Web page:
Monday, June 17

Symposium reveals carnivore conservation needs urgent

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TUARAN: Very little is known of Bornean carnivores.

According to Wildlife Department director Dr Laurentius Ambu at the closing of the first Borneo Carnivore Symposium at a resort near here yesterday, this fact had surprised even experts in the field.

“It was only in 2002 that the first photograph ever taken of a free-ranging Borneo Bay Cat, a species exclusive to this island,” he told the conference participants.

And while a lot has been achieved since then, the seven-day conference also revealed that there was still so much to do and to find out, Ambu said.

“In particular, research with a focus on conservation management is more necessary than ever. But the conservation needs of Bornean carnivores are urgent and cannot wait until we know everything that we need to know of,” he stressed.

Therefore, practical consideration of conservation issues and evaluation of key landscapes and areas for carnivore conservation were at the centre of the discussion during the conference, he said.

“I believe that these discussions have been very helpful in that they are a first, huge step on the road towards co-ordinated action in implementing carnivore conservation.

“This is important for our stated aim to achieve the conservation of carnivores and other flagship animals whilst at the same time following the path of sustainable development in each of our three countries (which are Malaysia, Brunei Darussalam and Indonesia),” he said.

Commenting on the symposium, Ambu said carnivores have neither been at the forefront of interest nor of conservation concern in Borneo.

Nevertheless, the time came that carnivores became the centre of attention and a whole week was spent by the participants and delegates to assess their distribution, habitat requirements and their conservation status and priorities.

He also expressed pleasure that Sabah could host the symposium as a tri-nation event involving Malaysia, Brunei Darussalam and Indonesia.

“Like other animals, carnivores do not know when they cross borders or trans-national boundaries,” he said.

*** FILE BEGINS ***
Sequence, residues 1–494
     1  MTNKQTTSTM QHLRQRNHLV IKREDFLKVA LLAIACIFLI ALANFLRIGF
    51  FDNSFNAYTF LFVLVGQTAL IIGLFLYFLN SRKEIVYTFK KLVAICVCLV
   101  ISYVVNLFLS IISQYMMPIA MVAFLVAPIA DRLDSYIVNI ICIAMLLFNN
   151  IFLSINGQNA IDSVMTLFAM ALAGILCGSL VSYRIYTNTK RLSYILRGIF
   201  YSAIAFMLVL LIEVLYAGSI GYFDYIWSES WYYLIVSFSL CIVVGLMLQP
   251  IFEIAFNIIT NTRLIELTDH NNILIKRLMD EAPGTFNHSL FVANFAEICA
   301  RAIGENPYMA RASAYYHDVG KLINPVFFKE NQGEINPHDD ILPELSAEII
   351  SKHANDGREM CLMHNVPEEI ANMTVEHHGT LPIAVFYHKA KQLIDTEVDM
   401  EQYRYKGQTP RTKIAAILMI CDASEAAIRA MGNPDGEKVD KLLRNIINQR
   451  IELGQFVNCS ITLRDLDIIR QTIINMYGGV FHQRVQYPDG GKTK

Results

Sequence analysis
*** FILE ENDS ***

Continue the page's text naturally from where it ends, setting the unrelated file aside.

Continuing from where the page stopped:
It was thus fitting that the conference considered the conservation issues of carnivores in all three countries and specifically addressed related trans-boundary issues, he said.

The conference brought many carnivore and conservation specialists from the three countries, with more than 160 local and international delegates having attended it.

“During the symposium, we have seen several insights presented, stimulating discussions and a deeper understanding of many key issues faced by the three governments in the context of carnivore conservation,” he said.

Firstly, several contributions reviewed neglected areas of carnivore conservation, including the issues of wildlife trade, the conservation implications of infectious diseases and the contribution of captive breeding to carnivore conservation.

Secondly, seven presentations critically discussed and reviewed the state-of-the-art research methods and how they could be applied in the context of research and conservation of carnivores in Borneo.

Thirdly, the results of the analysis of the data on 23 species of Bornean carnivores were presented. These data were compiled by the organizers in preparation for the conference and the analysis was designed to understand the distribution and habitat requirements of each species using computer modeling methods.

Fourthly, four working groups covering the regions of Sabah, Sarawak, Brunei Darussalam and Kalimantan respectively, summarized the results of the data analysis by identifying key areas for Bornean carnivore conservation.

Finally, working groups reviewed the conservation issues of carnivores in each of the four regions and the options for possible trans-boundary conservation projects.